PS4 and Xbox Putting Increased Demands on ISPs

PS4 and Xbox putting increased demands on ISPs

Due to the popularity of gaming systems such as the Xbox One and PS4, Internet Service Providers (ISPs) are struggling to meet increased consumer demands and provide, at reasonable prices, homegrown cloud services, content sharing, and — in the case of the PS4 — the ability to play games as they download.

Will ISPs have to reevaluate how to best meet the increased consumer demands place upon them in using the latest generation of gaming systems, and possibly increase their charges; or, will consumers have to shell out more money for the services that they demand?

As Mervyn Kelly of the telecommunications provider Ciena says, average households are now being redefined because of the elevated amount of power and data usage patterns they are now using as “power users.” These households, for the most part, don’t even realize this; but, the latest generation gaming systems like the Xbox One, PS4, and also current generation smartphones are very data hungry devices.

ISPs, according to Kelly, need to make “existing and future networks….smarter than ever before.” They need to provide the “scalability needed to deal with data hungry services like the Xbox One, PS4, and advanced smartphones.”

How can ISPs remain competitive when  consumers keep demanding more services?

With consumer demand for increased services from their ISPs rising, whether they’re aware of it or not, it’s getting increasingly difficult for ISPs to remain competitive. Consumers are paying almost the same amount of money for their ISP services as they did a decade ago, yet they’re demanding more for their money. Also, broadband services are becoming increasingly more of a necessity rather than a luxury.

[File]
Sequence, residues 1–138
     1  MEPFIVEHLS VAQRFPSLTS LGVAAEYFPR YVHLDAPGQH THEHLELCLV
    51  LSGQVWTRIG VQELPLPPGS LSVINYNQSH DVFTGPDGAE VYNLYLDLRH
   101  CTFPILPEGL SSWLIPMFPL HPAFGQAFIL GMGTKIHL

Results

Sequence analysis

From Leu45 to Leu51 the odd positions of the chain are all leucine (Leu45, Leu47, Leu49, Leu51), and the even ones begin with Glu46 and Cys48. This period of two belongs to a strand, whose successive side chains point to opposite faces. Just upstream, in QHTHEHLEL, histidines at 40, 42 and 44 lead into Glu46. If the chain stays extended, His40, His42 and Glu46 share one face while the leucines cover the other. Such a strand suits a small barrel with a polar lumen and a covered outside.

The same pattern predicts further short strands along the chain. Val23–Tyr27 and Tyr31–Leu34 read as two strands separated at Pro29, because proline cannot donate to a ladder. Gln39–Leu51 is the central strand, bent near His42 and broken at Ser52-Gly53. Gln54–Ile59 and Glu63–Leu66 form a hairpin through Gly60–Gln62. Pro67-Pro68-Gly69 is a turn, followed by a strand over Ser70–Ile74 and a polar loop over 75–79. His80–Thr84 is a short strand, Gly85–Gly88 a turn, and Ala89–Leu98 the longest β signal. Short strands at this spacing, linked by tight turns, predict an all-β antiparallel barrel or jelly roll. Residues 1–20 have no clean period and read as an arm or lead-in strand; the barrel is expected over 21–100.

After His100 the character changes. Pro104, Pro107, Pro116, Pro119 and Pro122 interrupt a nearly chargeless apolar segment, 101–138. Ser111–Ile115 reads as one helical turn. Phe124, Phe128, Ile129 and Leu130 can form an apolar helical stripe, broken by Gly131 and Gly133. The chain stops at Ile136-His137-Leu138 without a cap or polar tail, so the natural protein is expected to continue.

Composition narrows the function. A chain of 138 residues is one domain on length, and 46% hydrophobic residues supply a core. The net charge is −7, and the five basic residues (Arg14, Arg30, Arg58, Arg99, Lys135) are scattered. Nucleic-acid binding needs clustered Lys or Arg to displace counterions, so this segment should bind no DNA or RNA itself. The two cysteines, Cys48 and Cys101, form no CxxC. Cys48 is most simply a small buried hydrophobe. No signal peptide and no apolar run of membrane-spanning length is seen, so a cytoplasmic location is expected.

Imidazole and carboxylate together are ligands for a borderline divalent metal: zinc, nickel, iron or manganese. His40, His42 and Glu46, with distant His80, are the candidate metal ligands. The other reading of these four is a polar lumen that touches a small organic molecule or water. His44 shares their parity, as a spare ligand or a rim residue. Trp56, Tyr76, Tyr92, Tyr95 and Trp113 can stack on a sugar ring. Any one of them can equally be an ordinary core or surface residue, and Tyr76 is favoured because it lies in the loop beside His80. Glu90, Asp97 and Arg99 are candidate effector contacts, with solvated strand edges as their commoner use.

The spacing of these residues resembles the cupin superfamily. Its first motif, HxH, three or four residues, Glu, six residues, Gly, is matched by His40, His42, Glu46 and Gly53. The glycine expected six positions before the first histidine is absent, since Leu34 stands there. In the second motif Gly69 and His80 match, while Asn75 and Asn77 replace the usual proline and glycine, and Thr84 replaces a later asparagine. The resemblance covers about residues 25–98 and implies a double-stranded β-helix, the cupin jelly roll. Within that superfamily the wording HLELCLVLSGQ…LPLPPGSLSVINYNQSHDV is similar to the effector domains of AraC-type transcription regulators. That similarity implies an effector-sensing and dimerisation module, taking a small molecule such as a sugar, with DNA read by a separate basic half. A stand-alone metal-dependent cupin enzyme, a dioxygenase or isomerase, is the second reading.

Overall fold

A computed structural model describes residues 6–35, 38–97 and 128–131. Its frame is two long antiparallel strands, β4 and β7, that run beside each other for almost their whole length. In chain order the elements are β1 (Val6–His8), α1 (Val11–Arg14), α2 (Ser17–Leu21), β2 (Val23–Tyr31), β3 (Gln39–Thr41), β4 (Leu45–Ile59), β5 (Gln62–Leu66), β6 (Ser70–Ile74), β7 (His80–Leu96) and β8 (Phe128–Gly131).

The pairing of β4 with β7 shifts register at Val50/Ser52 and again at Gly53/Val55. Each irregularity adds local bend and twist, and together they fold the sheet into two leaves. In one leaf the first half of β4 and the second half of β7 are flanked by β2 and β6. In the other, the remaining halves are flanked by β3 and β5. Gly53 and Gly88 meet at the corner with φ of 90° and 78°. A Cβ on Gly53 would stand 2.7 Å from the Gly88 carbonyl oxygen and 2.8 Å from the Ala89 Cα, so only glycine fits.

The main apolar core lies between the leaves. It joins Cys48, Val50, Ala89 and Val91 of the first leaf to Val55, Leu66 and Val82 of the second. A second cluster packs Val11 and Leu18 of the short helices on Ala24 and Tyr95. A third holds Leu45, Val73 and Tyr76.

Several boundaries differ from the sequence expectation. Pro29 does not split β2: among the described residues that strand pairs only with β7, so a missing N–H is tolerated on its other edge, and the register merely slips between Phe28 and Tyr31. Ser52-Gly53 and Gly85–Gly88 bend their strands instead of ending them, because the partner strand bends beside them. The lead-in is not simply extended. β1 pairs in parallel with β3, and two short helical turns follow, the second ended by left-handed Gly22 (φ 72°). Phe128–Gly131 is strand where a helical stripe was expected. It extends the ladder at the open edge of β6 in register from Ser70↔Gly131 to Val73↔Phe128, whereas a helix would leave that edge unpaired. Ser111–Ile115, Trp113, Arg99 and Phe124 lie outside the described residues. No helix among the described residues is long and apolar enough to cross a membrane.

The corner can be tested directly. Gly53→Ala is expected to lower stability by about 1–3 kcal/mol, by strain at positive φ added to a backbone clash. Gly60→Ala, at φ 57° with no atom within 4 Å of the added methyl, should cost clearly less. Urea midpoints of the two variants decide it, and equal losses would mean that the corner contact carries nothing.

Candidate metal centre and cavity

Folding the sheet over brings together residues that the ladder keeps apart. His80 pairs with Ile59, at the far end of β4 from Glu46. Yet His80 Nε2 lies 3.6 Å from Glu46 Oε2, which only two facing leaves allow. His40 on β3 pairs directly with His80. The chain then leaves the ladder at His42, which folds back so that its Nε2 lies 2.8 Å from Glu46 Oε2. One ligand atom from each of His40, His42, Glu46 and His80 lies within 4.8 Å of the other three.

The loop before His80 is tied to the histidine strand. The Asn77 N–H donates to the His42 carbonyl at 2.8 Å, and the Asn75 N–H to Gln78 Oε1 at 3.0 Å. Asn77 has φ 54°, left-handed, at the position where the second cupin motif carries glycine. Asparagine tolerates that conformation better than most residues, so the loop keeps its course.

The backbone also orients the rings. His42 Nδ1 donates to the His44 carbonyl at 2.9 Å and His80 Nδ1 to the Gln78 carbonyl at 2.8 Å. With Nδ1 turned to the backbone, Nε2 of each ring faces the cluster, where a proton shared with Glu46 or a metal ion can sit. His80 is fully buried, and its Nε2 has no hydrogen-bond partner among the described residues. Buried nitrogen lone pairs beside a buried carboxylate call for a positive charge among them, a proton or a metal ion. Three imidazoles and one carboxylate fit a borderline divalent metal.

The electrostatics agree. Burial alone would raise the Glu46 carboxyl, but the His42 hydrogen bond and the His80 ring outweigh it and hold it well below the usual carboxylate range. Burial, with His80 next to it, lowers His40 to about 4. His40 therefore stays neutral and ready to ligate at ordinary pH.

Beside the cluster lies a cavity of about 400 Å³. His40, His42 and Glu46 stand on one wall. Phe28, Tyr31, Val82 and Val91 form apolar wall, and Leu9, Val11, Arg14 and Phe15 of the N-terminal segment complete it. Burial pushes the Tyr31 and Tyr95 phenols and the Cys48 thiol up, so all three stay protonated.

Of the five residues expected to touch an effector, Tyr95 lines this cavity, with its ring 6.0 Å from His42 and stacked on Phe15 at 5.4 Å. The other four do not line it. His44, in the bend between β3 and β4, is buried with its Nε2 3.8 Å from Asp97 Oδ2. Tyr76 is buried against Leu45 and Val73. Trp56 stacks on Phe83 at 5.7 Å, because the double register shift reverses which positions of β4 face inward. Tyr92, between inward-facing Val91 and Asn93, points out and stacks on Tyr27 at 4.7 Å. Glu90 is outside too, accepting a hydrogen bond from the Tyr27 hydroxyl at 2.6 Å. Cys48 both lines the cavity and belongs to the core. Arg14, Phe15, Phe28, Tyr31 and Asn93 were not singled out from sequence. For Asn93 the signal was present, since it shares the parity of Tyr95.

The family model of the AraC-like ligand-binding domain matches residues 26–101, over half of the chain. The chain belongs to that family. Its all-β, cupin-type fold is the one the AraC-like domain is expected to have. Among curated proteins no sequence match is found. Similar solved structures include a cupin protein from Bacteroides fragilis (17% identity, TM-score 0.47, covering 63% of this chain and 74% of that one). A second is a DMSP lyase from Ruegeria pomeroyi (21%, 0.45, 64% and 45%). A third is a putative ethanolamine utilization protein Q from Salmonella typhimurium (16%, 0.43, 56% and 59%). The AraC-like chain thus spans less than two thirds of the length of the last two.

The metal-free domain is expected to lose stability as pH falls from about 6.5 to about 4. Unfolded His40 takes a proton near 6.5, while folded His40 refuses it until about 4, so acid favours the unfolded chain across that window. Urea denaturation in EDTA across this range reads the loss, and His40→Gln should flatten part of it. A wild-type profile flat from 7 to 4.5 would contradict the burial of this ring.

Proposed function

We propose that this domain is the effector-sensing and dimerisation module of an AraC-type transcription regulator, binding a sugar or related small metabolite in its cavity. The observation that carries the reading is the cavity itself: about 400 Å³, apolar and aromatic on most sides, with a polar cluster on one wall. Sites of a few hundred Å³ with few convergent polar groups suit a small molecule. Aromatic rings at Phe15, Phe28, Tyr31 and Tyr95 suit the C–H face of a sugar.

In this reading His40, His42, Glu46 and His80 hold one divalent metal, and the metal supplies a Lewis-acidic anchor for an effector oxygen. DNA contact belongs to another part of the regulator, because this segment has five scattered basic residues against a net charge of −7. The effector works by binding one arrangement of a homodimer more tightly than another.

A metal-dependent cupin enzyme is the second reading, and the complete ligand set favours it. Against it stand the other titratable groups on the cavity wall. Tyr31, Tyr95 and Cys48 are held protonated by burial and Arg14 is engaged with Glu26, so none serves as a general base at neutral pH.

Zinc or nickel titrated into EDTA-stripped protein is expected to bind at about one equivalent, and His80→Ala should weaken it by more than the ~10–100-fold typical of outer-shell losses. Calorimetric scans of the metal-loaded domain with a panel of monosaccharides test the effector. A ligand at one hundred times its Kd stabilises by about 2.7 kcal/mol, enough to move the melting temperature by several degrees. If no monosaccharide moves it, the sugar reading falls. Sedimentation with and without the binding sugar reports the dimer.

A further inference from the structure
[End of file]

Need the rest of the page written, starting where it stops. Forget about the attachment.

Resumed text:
For instance, as an analyst at Ovum says, the entire ISP industry “is struggling to keep up with the rate of change.” Most of the new services ISP networks are offering aren’t “really delivering revenue, they’re all provided by internet-type or device-type players.” He suggests that it won’t be very much longer before ISPs charge higher prices for the services that they’re offering, having the attitude “we’re investing in these networks, we’ve got to make money, we’ve got to charge for it.”

Yet, ISPs who attempt to maintain strict usage limits as an alternative to increasing the rates that they charge risk having their customers go elsewhere to get certain services that they want. Upload speeds are becoming more important to users of gaming systems like PS4 and the Xbox One, because the aim of these systems is to provide an integrated social experience to their users, including the ability to record and upload clips from gaming sessions. That means that upload speeds are becoming more important than ever before.

Axel Pawlik, the managing director of RIPE NCC, which is a Regional Internet Registry, looks at the problem a bit differently, placing the blame on ISPs “dragging their feet over the deployment of IPv6.” IPv6 is a next-generation protocol that aims to make the Internet more usable and efficient. ISPs could utilize the new IPv6 protocol and presumably not have to raise their rates.